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The Tyneside colliery rail-way was, in fact, widely adopted; though it underwent many improvements long before there was any suggestion of operating the new form of traction by means of locomotives.

The first improvement on the original wooden rail pegged on to the sleepers was the fastening on it of another rail, in order that this could be removed, when worn down, without interfering with the sleepers. This arrangement was known as the “double way”; and Nicholas Wood says of it: “The double rail, by increasing the height of the surface whereon the 南海桑拿按摩论坛 carriage travelled, allowed the inside of the road to be filled up with ashes or stone to the under side of the upper rail, and consequently above the level of the sleepers, which thus secured them from the action of the feet of the horses.” He adds that on the first introduction of the double way the under rail was of oak, and afterwards of fir, mostly six feet long, and reaching across three sleepers, and was about five inches broad on the surface by four or five inches in depth. The upper rail was of the same dimensions and almost always made of beech or plane tree.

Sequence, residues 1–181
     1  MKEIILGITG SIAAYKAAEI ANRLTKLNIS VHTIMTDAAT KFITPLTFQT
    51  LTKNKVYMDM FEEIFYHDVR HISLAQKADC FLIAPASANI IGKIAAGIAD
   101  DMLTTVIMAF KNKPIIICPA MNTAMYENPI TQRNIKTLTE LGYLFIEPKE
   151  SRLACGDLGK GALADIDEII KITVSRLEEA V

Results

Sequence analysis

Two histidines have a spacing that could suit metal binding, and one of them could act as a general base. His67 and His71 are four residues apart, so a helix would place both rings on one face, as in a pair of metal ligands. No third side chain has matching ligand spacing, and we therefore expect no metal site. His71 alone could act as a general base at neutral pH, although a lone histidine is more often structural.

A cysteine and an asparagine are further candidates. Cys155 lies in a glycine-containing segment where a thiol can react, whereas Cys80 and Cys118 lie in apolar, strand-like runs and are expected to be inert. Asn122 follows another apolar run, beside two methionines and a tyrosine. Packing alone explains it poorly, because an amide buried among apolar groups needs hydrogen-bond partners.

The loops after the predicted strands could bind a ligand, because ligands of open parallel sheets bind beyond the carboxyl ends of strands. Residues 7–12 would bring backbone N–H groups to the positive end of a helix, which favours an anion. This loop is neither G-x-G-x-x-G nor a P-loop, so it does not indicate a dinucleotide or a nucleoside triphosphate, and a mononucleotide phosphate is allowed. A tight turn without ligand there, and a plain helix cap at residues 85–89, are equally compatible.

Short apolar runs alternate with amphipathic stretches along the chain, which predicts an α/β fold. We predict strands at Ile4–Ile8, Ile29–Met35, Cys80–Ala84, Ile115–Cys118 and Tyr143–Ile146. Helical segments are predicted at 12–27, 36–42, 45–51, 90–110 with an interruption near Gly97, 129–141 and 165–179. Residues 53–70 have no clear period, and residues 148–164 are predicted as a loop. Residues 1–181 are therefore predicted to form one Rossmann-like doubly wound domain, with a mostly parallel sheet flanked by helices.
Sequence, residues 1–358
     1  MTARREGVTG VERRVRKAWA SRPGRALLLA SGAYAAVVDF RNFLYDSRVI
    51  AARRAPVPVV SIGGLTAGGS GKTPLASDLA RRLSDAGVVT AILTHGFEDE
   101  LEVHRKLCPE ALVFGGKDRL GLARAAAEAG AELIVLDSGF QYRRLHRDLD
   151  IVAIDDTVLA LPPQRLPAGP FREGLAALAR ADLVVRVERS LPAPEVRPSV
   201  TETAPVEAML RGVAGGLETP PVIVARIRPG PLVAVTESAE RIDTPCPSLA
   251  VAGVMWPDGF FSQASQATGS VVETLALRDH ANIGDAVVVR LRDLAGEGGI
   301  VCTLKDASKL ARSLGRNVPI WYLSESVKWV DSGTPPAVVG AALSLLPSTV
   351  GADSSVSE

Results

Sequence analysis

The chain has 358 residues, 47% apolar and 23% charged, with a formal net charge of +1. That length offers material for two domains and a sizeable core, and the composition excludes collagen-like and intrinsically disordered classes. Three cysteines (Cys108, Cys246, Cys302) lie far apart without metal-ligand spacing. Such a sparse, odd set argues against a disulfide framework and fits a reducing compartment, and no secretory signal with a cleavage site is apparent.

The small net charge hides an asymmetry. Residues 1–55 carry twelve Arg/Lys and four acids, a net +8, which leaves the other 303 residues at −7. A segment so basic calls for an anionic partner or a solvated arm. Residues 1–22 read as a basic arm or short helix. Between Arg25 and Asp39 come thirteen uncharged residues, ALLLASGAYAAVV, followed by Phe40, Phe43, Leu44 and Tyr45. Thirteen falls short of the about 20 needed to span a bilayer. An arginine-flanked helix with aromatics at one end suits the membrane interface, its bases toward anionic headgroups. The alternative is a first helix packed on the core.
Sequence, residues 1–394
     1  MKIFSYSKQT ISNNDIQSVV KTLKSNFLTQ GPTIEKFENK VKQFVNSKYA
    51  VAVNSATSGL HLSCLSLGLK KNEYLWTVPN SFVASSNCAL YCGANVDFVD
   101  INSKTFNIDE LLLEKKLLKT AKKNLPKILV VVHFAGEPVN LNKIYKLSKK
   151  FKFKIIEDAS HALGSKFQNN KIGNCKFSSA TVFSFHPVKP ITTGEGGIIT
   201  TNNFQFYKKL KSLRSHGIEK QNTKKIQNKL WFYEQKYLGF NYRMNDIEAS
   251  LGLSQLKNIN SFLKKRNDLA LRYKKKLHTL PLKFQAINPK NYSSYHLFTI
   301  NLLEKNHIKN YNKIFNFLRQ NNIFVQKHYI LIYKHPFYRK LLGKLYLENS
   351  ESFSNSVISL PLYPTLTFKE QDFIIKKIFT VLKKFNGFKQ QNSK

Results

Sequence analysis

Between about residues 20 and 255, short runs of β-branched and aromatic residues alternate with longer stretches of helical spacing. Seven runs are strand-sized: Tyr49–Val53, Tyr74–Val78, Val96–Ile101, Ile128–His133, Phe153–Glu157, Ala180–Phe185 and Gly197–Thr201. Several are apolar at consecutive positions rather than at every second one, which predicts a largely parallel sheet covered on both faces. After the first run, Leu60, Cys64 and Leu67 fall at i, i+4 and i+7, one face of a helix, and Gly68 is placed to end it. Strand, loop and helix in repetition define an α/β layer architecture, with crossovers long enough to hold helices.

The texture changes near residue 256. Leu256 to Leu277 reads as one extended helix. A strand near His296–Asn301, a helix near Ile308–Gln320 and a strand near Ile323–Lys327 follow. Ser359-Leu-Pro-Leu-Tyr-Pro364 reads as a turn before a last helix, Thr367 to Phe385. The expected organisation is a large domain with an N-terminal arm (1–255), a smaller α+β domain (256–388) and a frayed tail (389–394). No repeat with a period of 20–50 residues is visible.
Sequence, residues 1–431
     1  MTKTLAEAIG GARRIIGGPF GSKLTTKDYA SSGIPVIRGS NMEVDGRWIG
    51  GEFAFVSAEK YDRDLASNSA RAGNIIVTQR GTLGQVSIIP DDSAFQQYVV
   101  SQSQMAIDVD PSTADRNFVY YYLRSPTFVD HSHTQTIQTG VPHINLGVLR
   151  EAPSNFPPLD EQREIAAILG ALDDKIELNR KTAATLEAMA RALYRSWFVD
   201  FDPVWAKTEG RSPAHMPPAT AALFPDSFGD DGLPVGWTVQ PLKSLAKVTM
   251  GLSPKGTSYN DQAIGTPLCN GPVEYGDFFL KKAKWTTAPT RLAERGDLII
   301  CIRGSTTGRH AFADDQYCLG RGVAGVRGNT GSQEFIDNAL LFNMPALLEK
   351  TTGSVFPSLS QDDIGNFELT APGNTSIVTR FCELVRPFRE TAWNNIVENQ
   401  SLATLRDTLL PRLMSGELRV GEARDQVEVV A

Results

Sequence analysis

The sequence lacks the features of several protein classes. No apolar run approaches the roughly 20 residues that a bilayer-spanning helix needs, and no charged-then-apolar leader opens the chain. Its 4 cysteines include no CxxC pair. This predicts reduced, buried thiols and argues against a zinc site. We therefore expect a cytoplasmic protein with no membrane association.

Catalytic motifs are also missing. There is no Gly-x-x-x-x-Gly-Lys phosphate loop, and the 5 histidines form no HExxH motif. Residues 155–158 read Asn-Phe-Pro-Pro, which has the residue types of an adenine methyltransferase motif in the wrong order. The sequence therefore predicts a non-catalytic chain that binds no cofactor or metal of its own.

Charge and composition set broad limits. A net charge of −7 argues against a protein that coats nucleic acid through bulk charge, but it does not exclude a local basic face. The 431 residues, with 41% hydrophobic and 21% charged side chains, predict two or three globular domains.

The next improvement was the nailing of thin strips, or “plates,” of wrought iron on to the double rail wherever there was a steep descent or a considerable curve, thus diminishing the friction. These “plates” were about two inches wide and half an inch thick, 佛山桑拿天堂网 and they were fastened on to the wooden rails with ordinary nails. They constituted the first step towards the conversion of wooden rail-ways into an iron road, and Nicholas Wood thinks it very likely that the diminution of friction resulting from their use may have suggested the substitution of iron rails for wooden ones.